Did you know that Lichfield is one of the smallest cathedral cities in England! Lichfield cathedral is just one more place of worship in Britain. This imposing construction, with over 1.300 years of history ,is certainly the highlight of this gorgeous city located in Staffordshire, 16 kilometres north of Birmingham.
As Lichfield is located just 15 minutes train ride from where I live, it's quite easy to spend an afternoon mooching around the town.
But first things first, you just need one single day to make the most of Lichfield, so please, pick a day with nice weather. Going by train, car or bus, the first step would be the same: track downmarket street where I'd high recommend starting the day with a nice cup of coffee (or tea) at the Café at St Mary's Church.
That's the kind of place where locals spend some time before (or after) doing their weekly grocery shopping. Quiet and cosy, this café has really nice variety of cakes and I just love the non-matching pattern china used for serving tea.
Its souvenir shop, which is also an information centre, is a perfect stop to get the map of the town.
You may think it's not necessary to have map of Lichfield, but it's fundamental if the idea is explore the heritage trail of this stunning small market town. And believe me, there're a lot of history behind those Tudor buildings.
Lichfield has an interesting combination of high street shops and local businesses that work very well together, including cafés, charity shops, craft shops, boutiques, antiques shops and art galleries.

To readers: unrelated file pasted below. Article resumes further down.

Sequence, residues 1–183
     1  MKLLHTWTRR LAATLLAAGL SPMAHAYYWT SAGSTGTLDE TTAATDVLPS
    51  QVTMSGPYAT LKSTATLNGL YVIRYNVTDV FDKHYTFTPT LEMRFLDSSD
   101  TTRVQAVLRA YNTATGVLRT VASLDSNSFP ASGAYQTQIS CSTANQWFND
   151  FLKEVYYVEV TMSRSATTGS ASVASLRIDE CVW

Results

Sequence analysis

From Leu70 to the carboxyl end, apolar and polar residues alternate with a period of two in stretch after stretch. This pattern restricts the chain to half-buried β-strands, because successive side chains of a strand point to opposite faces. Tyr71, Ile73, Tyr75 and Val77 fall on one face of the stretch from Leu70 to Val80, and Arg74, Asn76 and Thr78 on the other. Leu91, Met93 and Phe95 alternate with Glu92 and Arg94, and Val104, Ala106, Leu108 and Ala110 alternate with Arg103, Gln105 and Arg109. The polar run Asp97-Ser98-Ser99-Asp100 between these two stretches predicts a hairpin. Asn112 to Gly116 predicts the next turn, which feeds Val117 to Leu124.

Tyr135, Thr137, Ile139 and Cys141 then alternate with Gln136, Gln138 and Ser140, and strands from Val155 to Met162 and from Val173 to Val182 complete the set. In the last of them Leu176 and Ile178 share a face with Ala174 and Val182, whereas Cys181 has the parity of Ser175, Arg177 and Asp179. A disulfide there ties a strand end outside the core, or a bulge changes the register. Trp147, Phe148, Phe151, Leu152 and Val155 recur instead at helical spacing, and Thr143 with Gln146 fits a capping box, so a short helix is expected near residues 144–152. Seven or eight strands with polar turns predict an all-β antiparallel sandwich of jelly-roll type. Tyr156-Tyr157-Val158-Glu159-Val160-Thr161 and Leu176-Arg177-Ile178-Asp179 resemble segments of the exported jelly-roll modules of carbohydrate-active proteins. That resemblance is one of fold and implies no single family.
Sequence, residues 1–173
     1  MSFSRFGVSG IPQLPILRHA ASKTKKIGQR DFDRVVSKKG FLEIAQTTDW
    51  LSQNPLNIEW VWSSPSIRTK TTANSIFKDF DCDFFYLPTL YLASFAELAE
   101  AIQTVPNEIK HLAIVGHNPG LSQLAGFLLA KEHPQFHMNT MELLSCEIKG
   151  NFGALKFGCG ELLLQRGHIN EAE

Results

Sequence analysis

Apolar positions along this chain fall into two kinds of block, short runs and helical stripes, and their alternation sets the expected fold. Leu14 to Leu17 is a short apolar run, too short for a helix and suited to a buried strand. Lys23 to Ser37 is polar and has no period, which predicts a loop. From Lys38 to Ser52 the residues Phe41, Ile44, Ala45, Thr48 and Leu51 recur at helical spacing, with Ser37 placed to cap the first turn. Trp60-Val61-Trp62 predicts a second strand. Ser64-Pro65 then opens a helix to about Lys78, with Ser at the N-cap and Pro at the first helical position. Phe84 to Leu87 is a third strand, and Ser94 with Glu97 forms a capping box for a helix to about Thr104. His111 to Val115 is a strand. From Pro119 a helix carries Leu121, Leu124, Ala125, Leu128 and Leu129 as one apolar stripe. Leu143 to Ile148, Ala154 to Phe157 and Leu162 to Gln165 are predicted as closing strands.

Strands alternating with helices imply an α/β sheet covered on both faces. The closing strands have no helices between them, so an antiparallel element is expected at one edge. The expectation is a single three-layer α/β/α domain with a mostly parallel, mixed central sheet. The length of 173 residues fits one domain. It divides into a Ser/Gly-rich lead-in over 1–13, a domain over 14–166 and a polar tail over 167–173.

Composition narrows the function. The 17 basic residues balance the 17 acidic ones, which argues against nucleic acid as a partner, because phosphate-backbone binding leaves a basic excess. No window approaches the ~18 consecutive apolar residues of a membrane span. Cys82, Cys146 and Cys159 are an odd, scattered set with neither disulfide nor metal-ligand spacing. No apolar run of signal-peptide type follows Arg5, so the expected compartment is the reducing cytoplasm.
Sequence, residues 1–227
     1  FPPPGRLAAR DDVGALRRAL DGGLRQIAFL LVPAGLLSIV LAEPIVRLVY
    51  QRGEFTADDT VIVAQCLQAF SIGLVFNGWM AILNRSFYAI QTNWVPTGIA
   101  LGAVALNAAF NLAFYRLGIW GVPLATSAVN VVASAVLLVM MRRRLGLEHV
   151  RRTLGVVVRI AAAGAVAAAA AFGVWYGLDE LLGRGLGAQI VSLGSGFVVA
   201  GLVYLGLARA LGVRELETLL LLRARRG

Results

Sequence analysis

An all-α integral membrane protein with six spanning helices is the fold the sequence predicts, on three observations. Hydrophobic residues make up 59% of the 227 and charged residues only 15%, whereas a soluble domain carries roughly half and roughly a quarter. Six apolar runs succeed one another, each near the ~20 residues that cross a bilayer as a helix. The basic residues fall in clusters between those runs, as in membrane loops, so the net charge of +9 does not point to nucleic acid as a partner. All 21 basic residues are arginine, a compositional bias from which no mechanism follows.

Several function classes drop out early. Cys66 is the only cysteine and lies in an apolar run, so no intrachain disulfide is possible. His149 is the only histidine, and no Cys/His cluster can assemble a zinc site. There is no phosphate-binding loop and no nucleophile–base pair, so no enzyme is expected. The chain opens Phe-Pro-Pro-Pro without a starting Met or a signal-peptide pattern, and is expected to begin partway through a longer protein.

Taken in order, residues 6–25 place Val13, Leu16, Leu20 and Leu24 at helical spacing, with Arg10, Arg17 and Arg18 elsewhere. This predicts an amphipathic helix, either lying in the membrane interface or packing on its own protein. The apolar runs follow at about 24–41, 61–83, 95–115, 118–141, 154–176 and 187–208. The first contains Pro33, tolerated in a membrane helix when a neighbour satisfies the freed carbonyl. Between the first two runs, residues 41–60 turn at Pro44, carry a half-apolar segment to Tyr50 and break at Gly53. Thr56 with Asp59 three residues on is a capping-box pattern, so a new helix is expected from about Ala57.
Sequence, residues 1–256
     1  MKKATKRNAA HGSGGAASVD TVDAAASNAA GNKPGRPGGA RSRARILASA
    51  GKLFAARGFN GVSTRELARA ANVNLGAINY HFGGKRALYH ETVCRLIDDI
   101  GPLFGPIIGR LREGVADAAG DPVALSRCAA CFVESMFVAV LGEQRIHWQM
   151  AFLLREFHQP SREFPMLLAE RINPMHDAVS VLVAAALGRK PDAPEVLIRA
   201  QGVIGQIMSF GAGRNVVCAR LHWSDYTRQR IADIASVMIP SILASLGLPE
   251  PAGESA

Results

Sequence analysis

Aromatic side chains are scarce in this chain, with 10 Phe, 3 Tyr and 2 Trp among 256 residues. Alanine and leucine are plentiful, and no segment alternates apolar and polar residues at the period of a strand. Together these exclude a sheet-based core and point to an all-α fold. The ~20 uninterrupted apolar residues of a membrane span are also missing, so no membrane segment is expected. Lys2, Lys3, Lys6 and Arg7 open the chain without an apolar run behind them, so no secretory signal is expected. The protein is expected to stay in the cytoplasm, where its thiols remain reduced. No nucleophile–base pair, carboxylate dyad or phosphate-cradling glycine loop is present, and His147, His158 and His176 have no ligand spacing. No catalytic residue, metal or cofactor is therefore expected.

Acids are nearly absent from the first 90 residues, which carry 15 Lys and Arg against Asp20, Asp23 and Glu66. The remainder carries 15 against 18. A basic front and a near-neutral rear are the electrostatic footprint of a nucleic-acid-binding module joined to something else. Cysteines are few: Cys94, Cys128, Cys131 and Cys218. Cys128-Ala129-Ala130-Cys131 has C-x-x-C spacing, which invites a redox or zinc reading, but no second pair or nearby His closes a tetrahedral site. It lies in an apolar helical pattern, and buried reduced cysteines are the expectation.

I particularly love the Antique centre, a lovely Victorian building that presents various collectible items, from books to shabby chic. It's open seven days a week and the building itself is a picturesque site to visit.
After the shopping fixing, visit the cathedral itself. There is quite a lot to see on it, so reserves a good time of your visit to explore it properly.
Lichfield cathedral impresses visitors who want to know about the heritage of the city that was once considered the ecclesiastical centre of the Kingdom of Mercia (West Midlands) during the Anglo Saxon period.
Its magnificent medieval construction is the only one with three spines in England. The impressive piece of architecture was gradually constructed and reformed over many centuries, having also been destructed partially during the Civil War in the 1640.
A tour to the cathedral tower is provided every Saturday and it's definitely a fascinating way of learning more about Lichfield itself.
Near to the cathedral is another must-see heritage spot, the Darwin House.
This fascinating Grade I listed building was residence of Erasmus Darwin, Charlie Darwin's grandfather. Erasmus was a scientist, doctor, inventor, poet, botanist and one of the minds behind the Lunar Society.
The heritage of Lichfield is not only in its buildings and streets but also in public parks, such as Beacon Park with its beautiful gardens and curious statues that include one of the English naval Edward Smith, who was the captain of RMS Titanic.
Also, enjoy a pleasant walk by Minster Pool to find out more about its Speakers' corner or simply to feed the ducks.
Eating & drinking: I'd recommend The Tudor of Lichfield - the oldest serving coffee shop and restaurant in the city. It's placed in a Grade 2 listed building dating back to 1510 and offers comfy food and delicious cakes. There are also a range of restaurants, bars, pubs and cafés for all tastes in Lichfield.
Love your article on Lichfield! It is one of my favourite places to spend a sunny summers day. Your pictures are very good, informative and very interesting.
Can't wait for your next review.
Kind Regards Marion.